Washington, D.C.-Today, 25 members of the California Congressional Delegation urged support for essential California priorities in a letter to federal appropriators responsible for funding for flood control and levee projects across the country.
"The Delta Levees ensure flood protection and a reliable source of drinking water for over 22 million Californians - from the North to the South. It is imperative that we gain a more thorough understanding of both the short and long term needs of the Delta Levees if we are to ensure the reliability of our most precious resource - water," said Rep. Ellen O. Tauscher (D-Alamo).
Reps. Ellen Tauscher, George Miller, Doris Matsui, Jim Costa, Dennis Cardoza, Tom Lantos, Linda Sanchez, Nancy Pelosi, Hilda Solis, Mike Thompson, Maxine Waters, Mike Honda, Zoe Lofgren, Barbara Lee, Grace Napolitano, Susan Davis, Lynn Woolsey, Henry Waxman, Joe Baca, Anna Eshoo, Howard Berman, Xavier Becerra, Diane Watson, Brad Sherman, and Pete Stark authored a joint letter to their colleagues on the Energy and Water Development Subcommittee of the House Appropriations Committee, highlighting flood control and levee integrity projects critical to prevent flooding and disaster seen recently in the Gulf region.
"A major earthquake near the Delta or a severe break in Delta levees would cause significant flooding at great human and economic cost for the Bay Area and the state. Congress needs to provide this funding before it's too late," said Rep. George Miller (D-Martinez).
The joint letter calls on appropriators to recall the catastrophic damage wreaked on California by previous flooding, and focuses on three areas where flood control is essential, including the Sacramento region, Sacramento-San Joaquin Delta levees, and Sacramento-San Joaquin River Basins.
"As we have seen from the various natural disasters around the world it is vital that we implement all necessary precautionary measures in the effort to prevent such catastrophic effects," said Rep. Jim Costa (D-Fresno).
"Investing in prevention is not a lesson we should have to learn again. As we have clearly seen the price of not doing so is far too high. With Sacramento the most at-risk river city in the nation, I hope Congress will make the decision to prioritize public safety and direct these critical dollars towards our region's flood control efforts," said Rep. Doris Matsui (D-Sacramento).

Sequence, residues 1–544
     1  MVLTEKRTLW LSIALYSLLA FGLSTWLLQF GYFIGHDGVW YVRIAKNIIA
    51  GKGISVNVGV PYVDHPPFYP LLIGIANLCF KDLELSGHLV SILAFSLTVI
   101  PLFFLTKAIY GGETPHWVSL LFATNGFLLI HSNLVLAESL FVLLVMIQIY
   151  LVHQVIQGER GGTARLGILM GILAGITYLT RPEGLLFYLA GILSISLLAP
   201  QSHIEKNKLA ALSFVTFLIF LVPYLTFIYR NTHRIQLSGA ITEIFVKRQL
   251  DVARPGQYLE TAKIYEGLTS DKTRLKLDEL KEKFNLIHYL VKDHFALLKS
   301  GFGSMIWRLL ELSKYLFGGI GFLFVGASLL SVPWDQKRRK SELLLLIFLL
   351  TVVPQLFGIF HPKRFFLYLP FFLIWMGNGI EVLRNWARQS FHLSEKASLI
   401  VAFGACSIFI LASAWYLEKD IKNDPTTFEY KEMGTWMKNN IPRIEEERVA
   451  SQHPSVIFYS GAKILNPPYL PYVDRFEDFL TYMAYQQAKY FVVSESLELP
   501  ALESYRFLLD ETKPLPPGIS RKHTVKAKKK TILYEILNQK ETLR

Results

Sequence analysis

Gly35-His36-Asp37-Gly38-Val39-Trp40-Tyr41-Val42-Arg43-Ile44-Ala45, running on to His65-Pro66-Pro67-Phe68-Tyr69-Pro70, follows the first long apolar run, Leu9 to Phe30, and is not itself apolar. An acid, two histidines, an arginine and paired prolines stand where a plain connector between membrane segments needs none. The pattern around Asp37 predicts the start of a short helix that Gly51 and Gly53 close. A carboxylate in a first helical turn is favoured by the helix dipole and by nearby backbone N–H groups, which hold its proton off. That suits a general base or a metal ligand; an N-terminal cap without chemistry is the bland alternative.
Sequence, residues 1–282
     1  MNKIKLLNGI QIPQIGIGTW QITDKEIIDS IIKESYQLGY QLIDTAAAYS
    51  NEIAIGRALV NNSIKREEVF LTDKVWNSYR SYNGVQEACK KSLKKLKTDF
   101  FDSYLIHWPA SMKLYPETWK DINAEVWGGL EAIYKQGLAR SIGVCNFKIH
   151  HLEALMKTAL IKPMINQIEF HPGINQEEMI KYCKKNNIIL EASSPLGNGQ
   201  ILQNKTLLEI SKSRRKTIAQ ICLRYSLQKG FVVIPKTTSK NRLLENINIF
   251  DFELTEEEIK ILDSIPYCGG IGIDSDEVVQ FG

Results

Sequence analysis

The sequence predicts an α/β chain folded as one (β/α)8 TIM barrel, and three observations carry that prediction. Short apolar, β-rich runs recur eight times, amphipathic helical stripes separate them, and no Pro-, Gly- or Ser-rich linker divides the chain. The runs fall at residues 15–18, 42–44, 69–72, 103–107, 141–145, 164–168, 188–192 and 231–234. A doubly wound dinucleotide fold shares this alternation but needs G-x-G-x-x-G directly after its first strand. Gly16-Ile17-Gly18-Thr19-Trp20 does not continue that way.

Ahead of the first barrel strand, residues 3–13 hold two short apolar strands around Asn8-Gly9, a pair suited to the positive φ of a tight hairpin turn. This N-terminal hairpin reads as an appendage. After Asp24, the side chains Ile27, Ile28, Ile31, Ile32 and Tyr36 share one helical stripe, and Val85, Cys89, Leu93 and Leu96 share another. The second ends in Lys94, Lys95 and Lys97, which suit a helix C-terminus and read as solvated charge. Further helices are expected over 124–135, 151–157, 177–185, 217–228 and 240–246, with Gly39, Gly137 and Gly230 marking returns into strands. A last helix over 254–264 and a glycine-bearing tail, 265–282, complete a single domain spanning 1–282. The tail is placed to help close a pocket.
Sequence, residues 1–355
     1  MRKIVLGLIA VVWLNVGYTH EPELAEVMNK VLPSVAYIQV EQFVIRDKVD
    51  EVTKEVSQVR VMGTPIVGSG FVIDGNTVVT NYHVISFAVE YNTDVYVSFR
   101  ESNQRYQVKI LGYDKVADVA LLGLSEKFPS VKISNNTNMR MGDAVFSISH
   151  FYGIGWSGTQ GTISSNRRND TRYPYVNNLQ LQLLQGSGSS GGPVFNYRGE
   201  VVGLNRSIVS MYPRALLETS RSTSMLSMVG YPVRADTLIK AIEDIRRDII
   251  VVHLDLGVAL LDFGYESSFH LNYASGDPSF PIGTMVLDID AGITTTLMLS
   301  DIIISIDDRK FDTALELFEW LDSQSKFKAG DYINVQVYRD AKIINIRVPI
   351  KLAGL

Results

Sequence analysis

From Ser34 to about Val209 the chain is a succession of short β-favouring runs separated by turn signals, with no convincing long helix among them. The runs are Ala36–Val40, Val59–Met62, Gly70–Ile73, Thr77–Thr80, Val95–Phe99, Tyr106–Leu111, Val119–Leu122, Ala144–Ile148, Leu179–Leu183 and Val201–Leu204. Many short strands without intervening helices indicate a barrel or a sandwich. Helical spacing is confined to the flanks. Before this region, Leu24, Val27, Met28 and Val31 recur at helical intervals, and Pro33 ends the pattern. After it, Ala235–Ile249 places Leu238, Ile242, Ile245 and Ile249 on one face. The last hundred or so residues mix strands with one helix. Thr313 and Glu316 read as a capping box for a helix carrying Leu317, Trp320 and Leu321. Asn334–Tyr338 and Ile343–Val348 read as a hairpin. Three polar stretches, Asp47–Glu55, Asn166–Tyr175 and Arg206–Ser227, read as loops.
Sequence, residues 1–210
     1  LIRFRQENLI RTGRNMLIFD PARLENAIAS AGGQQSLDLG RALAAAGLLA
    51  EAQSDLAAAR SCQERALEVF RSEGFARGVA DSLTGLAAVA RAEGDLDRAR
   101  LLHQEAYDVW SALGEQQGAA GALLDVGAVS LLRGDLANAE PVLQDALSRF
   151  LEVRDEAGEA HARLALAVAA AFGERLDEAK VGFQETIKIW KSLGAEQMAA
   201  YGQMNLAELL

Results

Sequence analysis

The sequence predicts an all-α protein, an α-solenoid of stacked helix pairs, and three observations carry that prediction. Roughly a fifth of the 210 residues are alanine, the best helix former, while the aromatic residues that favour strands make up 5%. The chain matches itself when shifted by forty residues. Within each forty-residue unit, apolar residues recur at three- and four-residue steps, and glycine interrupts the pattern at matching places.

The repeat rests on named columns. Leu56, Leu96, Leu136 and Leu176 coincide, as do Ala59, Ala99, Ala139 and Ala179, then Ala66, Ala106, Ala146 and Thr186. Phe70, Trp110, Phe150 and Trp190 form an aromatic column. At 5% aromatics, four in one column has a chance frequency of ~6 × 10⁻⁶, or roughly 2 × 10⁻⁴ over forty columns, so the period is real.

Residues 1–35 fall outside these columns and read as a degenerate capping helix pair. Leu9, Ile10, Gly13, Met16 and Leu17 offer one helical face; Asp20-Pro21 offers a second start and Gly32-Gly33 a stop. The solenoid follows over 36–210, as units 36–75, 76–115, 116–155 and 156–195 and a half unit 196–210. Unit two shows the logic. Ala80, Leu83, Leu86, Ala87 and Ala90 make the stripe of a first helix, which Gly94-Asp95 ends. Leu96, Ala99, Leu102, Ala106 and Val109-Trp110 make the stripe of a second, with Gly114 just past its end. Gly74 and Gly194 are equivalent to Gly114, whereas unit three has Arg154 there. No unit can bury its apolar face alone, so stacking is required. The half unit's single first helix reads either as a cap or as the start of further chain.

"Hurricane Katrina was a wake-up call for California and the Central Valley. We must act now to address our vulnerabilities by strengthening the levee system. The threat is real and the consequences of inaction could be dire. I will work with my colleagues in Congress to secure the funding necessary to protect the people of California from this threat," said Rep. Dennis Cardoza (D-Merced).
Full text of the letter is below.
Honorable David Hobson, Chairman
Subcommittee on Energy and Water Development
Honorable Peter Visclosky, Ranking Member
Subcommittee on Energy and Water Development
Dear Chairman Hobson and Congressman Visclosky:
In the wake of the devastation wrought by Hurricane Katrina, all Americans are uniting to help ease the suffering and plan for recovery. We pledge our support to this effort.
At the same time, it is clearly incumbent on federal officials to urgently look at how we can improve emergency preparedness and reduce the potential for catastrophic loss in the event of future flooding damage in other American communities. There is no doubt that many of these high-risk communities reside within California; in fact, flood related events account for 90 percent of all natural disasters in our state. That is why as Californians we are requesting - in the most urgent terms - your support for federal funds for key projects to address areas in California with the greatest potential threat of catastrophic flooding. In addition to the projects outlined below, we support the flood control priorities articulated in the 9/22/05 letter by the bipartisan Sacramento regional delegation.
1. Sacramento region flood control
The number of people and the value of property at risk in our aging levee system in the northern part of California's Central Valley are staggering. A prime example of this persistent threat is in the Sacramento region. In comparison to major river cities such as St. Louis, Kansas City, and New Orleans which have significantly greater flood protection, the levee and dam system protecting Sacramento is rated by the Army Corps of Engineers as only having protection against the type of flood that can be expected in less than 100-years, and in some portions of the region it is even less than that. This puts the risk of flooding in Sacramento among the highest of major urban areas in the country and most at-risk river city in the nation.
While Sacramento may not face the threat of hurricanes like those recently experienced in New Orleans, the region faces a very real threat of flooding caused by increasingly common wet weather patters such as the "Pineapple Express." This is a warm front that blows in from Hawaii with heavy rainfall that soaks the ground and melts the snow in the Sierra Mountain. Furthermore, the region is facing an indisputable shift in long-term weather patters which renders projects built just a few decades ago less than one-half as effective now on holding back floodwaters. The city's location, at the confluence of the Sacramento and American Rivers, combined with these climatological factors can overwhelm the river banks exposing the Sacramento community to unacceptable risk.